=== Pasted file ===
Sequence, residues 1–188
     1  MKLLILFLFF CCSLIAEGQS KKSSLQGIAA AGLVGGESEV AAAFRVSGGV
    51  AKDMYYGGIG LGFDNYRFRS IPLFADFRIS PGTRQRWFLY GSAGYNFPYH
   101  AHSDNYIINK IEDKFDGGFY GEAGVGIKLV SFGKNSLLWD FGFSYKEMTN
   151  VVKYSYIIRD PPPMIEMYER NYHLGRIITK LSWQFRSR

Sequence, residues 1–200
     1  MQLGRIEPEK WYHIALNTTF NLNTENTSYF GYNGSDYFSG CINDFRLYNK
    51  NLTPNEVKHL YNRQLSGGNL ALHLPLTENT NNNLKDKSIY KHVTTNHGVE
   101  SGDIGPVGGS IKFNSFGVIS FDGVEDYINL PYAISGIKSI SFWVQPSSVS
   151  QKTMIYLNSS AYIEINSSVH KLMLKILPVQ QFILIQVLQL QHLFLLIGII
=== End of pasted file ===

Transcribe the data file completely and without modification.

Sequence, residues 1–188
     1  MKLLILFLFF CCSLIAEGQS KKSSLQGIAA AGLVGGESEV AAAFRVSGGV
    51  AKDMYYGGIG LGFDNYRFRS IPLFADFRIS PGTRQRWFLY GSAGYNFPYH
   101  AHSDNYIINK IEDKFDGGFY GEAGVGIKLV SFGKNSLLWD FGFSYKEMTN
   151  VVKYSYIIRD PPPMIEMYER NYHLGRIITK LSWQFRSR

Sequence, residues 1–200
     1  MQLGRIEPEK WYHIALNTTF NLNTENTSYF GYNGSDYFSG CINDFRLYNK
    51  NLTPNEVKHL YNRQLSGGNL ALHLPLTENT NNNLKDKSIY KHVTTNHGVE
   101  SGDIGPVGGS IKFNSFGVIS FDGVEDYINL PYAISGIKSI SFWVQPSSVS
   151  QKTMIYLNSS AYIEINSSVH KLMLKILPVQ QFILIQVLQL QHLFLLIGII